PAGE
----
# the database. See documentation for syntax accepted here:
 #https://3forge.com/documentation/v5/3Forge_Backend_API_(2.13)_files/Outbound_Instruction_Type_Object.htm
    $row=('O|T="streaming"|'+
            'timestamp='+$timestamp +'|'+
            'name="+$random_stock+"|'+
            'number='+$random_price
            )
    $msg = send_to_ami $row
    Write-Host $msg
}

$writer.Close()
$stream.Close()

Running this on a powershell interpreter of your choice (I used the Windows Powershell ISE that comes with Windows 10) should yield an output similar to this:

M@1606307770935|Q=1|S=0|M="OK, object accepted"
M@1606307770948|Q=2|S=0|M="OK, object accepted"
M@1606307770950|Q=3|S=0|M="OK, object accepted"
M@1606307770952|Q=4|S=0|M="OK, object accepted"

This message indicates that we are successfully injecting data into the database, huzzah!

Option 3: Bash script

You can download the script here to avoid formatting errors from copy-pasting below.

The bash script uses some standard linux packages for tcp connections and built in bash functionality such as $RANDOM and linux netcat package. It generates some random data, and injects this into the realtime db and types out the data into a file called message.txt.

Note: is that in the example below, we are using the default “demo” user, if you are using a live environment, you might have to edit the username by editing the login message on line 3.

!/bin/bash

login_message='L|I="demo"'
echo $login_message >> message.txt # | nc -N -vv localhost 3289
stocks=(AAPL TSLA IBM INTC GOOG AMZN)
number_of_rows=1000
for i in $(seq 1 $number_of_rows)
do
    timestamp=$(date +"%s")
    random_price=$((1 + RANDOM % 100))
    random_stock=${stocks[$RANDOM % ${#stocks[@]}]}
    message='O|T="streaming"|timestamp='$timestamp'|name="'$random_stock'"|number='$random_price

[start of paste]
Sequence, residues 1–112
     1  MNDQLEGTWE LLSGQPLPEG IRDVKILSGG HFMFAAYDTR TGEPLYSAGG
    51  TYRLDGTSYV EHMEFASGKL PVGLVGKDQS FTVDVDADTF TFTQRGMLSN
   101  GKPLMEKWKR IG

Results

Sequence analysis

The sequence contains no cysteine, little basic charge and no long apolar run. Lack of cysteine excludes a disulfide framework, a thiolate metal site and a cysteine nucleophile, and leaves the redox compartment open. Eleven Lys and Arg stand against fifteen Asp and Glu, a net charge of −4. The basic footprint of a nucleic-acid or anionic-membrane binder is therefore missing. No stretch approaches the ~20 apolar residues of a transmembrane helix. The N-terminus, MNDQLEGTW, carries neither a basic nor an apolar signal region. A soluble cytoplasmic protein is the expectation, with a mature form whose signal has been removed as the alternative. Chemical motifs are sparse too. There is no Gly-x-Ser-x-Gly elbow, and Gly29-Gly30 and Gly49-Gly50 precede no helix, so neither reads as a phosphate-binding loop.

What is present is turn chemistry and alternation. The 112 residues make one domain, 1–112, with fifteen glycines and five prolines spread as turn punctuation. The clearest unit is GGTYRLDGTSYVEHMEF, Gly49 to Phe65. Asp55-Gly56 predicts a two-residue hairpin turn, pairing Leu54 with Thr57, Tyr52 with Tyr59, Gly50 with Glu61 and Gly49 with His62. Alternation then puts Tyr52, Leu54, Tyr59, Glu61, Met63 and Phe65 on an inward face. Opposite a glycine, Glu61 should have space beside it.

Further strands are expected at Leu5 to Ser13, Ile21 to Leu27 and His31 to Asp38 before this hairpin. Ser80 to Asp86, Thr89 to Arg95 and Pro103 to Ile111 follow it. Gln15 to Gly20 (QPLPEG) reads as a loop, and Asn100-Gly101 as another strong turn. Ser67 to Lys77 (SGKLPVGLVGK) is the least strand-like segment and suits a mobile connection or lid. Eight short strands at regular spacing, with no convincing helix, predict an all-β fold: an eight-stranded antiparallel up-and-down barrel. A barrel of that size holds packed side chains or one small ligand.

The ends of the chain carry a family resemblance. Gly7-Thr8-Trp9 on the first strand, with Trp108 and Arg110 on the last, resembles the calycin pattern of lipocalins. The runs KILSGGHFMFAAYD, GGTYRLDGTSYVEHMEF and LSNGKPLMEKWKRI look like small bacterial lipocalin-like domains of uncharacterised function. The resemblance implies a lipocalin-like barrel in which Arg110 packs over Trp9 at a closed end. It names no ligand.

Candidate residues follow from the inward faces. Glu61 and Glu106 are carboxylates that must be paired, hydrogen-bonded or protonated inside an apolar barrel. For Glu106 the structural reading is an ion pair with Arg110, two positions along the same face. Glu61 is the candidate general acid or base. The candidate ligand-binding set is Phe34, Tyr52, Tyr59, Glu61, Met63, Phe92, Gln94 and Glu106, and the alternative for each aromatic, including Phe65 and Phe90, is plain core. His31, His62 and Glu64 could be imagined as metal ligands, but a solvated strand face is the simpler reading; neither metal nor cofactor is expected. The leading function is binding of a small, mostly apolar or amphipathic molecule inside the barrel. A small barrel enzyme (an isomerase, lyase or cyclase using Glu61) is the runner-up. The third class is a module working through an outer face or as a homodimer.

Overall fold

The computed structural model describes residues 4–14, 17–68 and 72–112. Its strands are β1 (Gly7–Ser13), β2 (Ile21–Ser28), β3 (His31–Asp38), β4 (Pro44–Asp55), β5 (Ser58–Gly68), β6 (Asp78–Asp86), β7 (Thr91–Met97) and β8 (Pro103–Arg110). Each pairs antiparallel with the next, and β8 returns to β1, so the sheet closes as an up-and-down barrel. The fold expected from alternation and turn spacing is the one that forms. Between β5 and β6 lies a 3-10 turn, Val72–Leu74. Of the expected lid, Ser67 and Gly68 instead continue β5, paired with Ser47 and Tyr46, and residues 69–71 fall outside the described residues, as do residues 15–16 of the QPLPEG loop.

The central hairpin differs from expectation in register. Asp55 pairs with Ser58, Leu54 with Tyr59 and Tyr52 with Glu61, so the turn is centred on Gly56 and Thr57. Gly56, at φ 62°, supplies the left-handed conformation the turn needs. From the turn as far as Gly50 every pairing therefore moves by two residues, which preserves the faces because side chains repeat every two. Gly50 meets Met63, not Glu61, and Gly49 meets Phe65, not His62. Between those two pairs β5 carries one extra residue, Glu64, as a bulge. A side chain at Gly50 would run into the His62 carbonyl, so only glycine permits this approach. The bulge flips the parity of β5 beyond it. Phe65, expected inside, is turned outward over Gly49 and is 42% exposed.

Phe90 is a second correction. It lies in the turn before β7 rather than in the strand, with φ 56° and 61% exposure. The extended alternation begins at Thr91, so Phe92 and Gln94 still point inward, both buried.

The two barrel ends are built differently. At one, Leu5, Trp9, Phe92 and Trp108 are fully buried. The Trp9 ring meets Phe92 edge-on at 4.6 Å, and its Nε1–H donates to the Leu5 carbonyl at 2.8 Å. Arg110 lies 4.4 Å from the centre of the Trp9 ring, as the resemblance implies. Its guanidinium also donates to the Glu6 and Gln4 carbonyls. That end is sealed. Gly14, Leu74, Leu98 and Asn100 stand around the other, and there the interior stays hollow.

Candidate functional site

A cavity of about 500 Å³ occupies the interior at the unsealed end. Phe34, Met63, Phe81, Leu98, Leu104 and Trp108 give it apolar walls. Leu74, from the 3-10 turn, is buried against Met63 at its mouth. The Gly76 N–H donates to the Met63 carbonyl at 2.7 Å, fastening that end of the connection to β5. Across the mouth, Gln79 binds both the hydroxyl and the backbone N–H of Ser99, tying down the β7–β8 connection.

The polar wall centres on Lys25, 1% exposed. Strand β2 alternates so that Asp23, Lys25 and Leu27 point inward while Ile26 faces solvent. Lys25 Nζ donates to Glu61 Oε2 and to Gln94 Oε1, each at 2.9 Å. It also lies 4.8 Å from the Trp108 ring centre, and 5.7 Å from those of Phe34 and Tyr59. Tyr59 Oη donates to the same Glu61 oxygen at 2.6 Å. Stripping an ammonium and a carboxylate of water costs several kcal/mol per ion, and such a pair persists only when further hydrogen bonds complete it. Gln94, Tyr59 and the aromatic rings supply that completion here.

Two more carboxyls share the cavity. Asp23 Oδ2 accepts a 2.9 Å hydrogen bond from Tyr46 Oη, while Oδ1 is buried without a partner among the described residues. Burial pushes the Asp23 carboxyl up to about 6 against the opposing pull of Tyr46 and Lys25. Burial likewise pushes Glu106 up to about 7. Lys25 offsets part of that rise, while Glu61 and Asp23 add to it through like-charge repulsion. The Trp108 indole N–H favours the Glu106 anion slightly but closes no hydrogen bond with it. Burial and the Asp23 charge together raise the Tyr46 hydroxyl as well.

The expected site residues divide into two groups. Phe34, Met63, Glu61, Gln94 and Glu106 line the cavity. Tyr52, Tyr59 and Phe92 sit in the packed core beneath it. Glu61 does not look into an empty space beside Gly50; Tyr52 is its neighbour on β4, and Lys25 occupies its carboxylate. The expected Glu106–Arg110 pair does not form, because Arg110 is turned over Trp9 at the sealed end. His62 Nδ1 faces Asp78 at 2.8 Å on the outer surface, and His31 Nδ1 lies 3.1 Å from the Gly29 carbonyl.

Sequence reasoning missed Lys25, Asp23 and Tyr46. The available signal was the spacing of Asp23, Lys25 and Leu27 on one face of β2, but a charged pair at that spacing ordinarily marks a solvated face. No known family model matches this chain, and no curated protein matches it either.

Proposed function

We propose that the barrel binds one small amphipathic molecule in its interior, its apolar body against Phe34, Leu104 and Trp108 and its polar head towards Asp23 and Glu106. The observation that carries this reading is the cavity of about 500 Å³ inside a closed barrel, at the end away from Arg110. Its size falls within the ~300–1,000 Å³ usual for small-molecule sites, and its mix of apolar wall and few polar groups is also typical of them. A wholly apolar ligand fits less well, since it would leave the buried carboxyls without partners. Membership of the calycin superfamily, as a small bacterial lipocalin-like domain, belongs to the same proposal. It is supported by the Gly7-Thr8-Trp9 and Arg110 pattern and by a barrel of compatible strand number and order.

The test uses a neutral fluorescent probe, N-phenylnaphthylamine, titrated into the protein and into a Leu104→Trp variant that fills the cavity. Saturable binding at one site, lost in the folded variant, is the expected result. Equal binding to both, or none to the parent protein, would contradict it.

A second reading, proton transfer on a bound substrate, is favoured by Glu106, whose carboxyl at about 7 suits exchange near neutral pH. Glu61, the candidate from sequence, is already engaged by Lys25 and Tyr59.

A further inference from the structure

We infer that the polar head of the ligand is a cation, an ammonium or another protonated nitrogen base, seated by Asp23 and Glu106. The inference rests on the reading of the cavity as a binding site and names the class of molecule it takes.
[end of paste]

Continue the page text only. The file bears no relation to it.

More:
echo $message >> message.txt   
done
nc localhost -vv 3289 < message.txt

Running this using the command bash realtime_streaming_random_data.sh should yield something similar to this:

M@1606307770935|Q=1|S=0|M="OK, object accepted"
M@1606307770948|Q=2|S=0|M="OK, object accepted"
M@1606307770950|Q=3|S=0|M="OK, object accepted"
M@1606307770952|Q=4|S=0|M="OK, object accepted"

This message indicates that we are successfully injecting data into the database, huzzah!

How to create visualizations that use realtime data

Now that we have some data coming into the database, let’s set up a visualization for this so we can see it in action.

Open your browser and go to your AMI server and log in, in my case it is simply http://localhost:33332/ and go to the menu item Windows -> New Window.

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In the new window, select Create Realtime Table/Visualization.

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Select the Realtime Table table, and under Objects, select the streaming table and hit next.

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In the next dialog box, leave the selections of the columns as they are, and hit finish.

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And here is our first realtime table!

Of course, you can also access the table to do transformations to it, maybe you want to aggregate something or reshape the data somehow. To do this, you can access the table using the Data Modeler.

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Next, right click on the AMI database and select Add Datamodel to AMI. Next, select our new table that we created:

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and hit next.

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Here you can edit the table as usual with AMI, using AMI script and the data modeler.

Summary

So, that’s it. Using a couple of simple scripts, we have shown how you can utilize the 3forge built in realtime database to stream in data. Notice that I didn’t have to write any code in the 3forge platform to get a simple table running.